controls and has a sophisticated radio system to help them manage those
channels. Maybe it would be easier to learn if we had a plane that didn't
need our full understanding of 10 channels of control or a $500-$1,500 radio
system to fly it.

So how many is enough. Let's see

One - Probably Not

Two - Yes and Maybe

Glider Yes!

Many gliders are two channel. Based on their design you can have very
effective control. You can even fly wild aerobatics at speeds in excess of
100 mph. Two channel gliders can be very exciting and wonderfully enjoyable.

Typically the channels will control pitch and roll. This can be done with
elevator/rudder or elevator/aileron. With these two axis of control we can
have excellent command of the plane. Of course the plane needs to be designed
properly for the controls it has, but that will be a given here. We are not
trying to design planes.

There are hundreds of successful and effective glider designs made for slope
soaring, thermal duration soaring, hand launch, discus launch and other forms
of flying. Zagi slope wings, Gentle Lady thermal gliders, Gambler discus
launched gliders and others are examples of this kind of plane. They can be
exciting to fly and can really teach you about flying. So, when someone tells
you that you can't control a plane with only two channels, they are very
wrong! Go to the glider field or slope soaring field and you will see all
the evidence you need.

It is for this reason that many people feel the best plane to use to learn to
fly is a glider. They are typically simpler in design, lower in cost, easier
to understand and do not suffer from complicated, expensive and troublesome
power systems. You could fly for the next 20 years, have a fleet of planes
and never need more than a two channel radio. You can even enter national
competitions and win championships with a simple, low cost two channel radio
and a two channel plane.

So, two channel gliders are excellent planes to use to learn to fly. I often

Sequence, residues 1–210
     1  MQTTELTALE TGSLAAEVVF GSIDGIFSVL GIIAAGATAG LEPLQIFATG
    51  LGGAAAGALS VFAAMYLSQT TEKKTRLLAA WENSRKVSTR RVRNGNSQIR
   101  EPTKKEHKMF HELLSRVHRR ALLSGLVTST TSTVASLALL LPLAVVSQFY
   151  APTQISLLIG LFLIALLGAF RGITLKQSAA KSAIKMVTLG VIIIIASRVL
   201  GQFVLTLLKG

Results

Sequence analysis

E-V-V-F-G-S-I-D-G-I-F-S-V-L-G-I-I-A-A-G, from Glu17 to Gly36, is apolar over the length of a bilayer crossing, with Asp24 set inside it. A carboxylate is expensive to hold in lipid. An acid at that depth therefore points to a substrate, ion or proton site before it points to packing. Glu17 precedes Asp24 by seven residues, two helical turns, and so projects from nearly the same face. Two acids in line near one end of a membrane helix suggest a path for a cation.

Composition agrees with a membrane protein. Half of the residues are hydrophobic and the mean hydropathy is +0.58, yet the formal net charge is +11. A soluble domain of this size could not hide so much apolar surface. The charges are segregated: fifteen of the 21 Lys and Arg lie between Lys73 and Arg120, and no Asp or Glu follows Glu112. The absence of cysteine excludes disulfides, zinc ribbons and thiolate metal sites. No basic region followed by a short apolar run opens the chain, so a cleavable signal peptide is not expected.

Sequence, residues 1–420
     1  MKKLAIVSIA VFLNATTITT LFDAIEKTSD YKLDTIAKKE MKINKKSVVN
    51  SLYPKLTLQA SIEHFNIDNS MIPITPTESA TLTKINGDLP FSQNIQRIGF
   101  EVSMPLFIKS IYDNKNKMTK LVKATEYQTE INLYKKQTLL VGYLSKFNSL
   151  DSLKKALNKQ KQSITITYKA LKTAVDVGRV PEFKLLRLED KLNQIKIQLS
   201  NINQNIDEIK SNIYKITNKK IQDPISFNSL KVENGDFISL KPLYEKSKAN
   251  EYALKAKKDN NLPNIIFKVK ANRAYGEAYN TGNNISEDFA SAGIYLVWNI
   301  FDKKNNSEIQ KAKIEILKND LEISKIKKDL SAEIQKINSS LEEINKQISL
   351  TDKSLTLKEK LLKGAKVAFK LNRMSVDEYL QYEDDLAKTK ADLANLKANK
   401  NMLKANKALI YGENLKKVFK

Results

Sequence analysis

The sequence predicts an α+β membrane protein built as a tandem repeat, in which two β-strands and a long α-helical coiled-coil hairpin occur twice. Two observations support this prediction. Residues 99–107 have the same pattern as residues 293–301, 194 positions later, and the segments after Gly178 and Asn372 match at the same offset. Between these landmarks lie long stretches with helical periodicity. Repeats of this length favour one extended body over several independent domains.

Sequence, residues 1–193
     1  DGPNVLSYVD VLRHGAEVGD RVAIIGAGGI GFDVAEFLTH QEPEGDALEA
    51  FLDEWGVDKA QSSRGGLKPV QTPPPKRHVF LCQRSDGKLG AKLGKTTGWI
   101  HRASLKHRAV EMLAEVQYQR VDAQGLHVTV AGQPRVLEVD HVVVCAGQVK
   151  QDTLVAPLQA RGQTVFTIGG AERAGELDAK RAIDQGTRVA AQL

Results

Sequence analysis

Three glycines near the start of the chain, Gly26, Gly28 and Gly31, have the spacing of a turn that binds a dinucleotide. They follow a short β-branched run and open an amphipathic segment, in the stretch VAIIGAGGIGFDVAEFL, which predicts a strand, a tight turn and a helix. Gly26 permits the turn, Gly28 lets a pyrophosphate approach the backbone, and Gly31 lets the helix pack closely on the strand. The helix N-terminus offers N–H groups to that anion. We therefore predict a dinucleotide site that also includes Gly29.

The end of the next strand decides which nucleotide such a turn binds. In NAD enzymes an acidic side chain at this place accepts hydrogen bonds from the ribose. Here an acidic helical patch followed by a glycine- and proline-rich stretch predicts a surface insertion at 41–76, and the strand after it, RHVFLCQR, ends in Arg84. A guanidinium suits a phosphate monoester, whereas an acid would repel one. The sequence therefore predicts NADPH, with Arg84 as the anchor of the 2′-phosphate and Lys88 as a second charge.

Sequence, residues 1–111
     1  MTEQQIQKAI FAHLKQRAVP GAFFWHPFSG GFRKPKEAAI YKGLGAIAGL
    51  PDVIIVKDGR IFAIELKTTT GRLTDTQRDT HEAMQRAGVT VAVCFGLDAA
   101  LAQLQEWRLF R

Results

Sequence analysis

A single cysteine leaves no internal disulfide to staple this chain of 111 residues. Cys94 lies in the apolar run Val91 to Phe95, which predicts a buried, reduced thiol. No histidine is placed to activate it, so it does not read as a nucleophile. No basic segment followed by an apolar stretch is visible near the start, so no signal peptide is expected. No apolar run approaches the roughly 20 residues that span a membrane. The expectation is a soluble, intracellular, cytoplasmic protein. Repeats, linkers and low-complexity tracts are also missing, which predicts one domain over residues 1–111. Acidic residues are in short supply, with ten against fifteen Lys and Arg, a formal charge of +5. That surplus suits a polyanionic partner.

recommend them.

Oh, you never thought of gliders? Maybe you should.

Two channel - Rudder/throttle control or differential thrust - maybe

If one channel is used to control the electric motor, then we can control speed
and duration of the flight. Usually these planes have been designed to climb on
power and glide down on reduced power. Rudder is used to control direction.
Planes, like the Firebird series are of this type. By placing the motor at the
right angle, the application of power will cause the plane to pitch up and
climb. What this kind of plane can not control is negative pitch. That is, you
can't push the nose down to go into a directly controlled descent or dive. This
limits your control in windy situations or where you need a more rapid descent
than gravity and glide path provide.

My personal experience with these planes are that they fly well and are easy but
they can not be safely flown in much wind by a new pilot. Since you can't dive
into the wind they are easily blown away with the pilot having little ability to
fly the plane back up-wind. If you have one, fly it in calm conditions.

An alternate design is the differential thrust models that have two motors.
These planes have no flight control surfaces. Like the example above, when you
apply full power they tend to climb and when you reduce throttle they glide
down, but you can't direct the nose down to fight the wind. These planes steer
left and right by changing the speed of the motors.

My personal experience with these is that they are even less wind worthy than
the Rudder/Throttle planes. In dead calm conditions they can be fun but
control is so limited that I can't recommend them as trainers. But they can be
a lot of laughs.

Thousands of new pilots have had their first taste of flying on these
throttle/rudder pr differential thrust planes. And you can do some pretty cool
things with them.
However, without the ability to control downward pitch, to dive into the wind,
these planes can be very easy to lose in any sort of wind, especially for the
inexperienced pilot.

Three Channel - Power - Yes

We already achieved a yes for gliders with two channels. For unpowered silent
flight, two is enough. In my opinion, when we have three channels to work
with we have enough control for the new power pilot to have a good command of